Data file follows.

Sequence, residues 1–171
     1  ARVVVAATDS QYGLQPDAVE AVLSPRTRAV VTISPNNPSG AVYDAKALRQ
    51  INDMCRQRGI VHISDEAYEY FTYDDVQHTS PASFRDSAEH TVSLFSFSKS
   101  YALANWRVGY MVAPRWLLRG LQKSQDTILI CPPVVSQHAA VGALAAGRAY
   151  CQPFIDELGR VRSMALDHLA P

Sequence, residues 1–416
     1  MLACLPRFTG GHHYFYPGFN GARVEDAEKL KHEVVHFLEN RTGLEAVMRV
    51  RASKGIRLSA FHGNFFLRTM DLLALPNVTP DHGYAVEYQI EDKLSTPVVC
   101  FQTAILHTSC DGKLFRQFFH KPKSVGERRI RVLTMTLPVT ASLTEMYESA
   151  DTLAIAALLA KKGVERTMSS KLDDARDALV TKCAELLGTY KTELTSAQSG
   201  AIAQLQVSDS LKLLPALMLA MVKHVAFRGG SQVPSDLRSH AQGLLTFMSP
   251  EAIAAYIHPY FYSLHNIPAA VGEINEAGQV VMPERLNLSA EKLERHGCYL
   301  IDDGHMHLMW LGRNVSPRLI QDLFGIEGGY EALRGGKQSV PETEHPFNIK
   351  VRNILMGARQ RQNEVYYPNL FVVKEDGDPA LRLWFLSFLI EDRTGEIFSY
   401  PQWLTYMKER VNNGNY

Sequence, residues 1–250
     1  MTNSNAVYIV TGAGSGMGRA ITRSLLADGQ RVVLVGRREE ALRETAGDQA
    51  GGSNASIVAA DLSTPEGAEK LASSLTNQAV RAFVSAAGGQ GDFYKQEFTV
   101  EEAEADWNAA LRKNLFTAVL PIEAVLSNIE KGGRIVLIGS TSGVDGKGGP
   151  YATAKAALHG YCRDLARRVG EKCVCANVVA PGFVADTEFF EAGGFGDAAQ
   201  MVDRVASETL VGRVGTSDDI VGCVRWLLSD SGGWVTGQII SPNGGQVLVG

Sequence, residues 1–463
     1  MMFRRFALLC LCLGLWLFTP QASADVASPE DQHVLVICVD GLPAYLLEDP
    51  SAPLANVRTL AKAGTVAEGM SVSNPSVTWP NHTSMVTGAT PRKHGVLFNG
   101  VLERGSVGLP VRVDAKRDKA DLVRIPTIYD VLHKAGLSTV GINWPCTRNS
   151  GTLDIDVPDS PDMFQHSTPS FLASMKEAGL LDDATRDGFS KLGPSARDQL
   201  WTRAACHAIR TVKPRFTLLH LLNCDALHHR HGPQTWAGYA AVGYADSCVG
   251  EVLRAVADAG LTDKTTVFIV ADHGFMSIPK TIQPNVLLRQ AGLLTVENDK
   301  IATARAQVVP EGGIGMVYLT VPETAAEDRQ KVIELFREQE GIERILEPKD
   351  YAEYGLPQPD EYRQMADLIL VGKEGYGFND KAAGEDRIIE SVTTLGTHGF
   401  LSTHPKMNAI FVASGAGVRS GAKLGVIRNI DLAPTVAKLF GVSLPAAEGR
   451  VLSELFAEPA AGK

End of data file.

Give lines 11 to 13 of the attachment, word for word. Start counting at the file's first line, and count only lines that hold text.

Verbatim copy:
   201  AIAQLQVSDS LKLLPALMLA MVKHVAFRGG SQVPSDLRSH AQGLLTFMSP
   251  EAIAAYIHPY FYSLHNIPAA VGEINEAGQV VMPERLNLSA EKLERHGCYL
   301  IDDGHMHLMW LGRNVSPRLI QDLFGIEGGY EALRGGKQSV PETEHPFNIK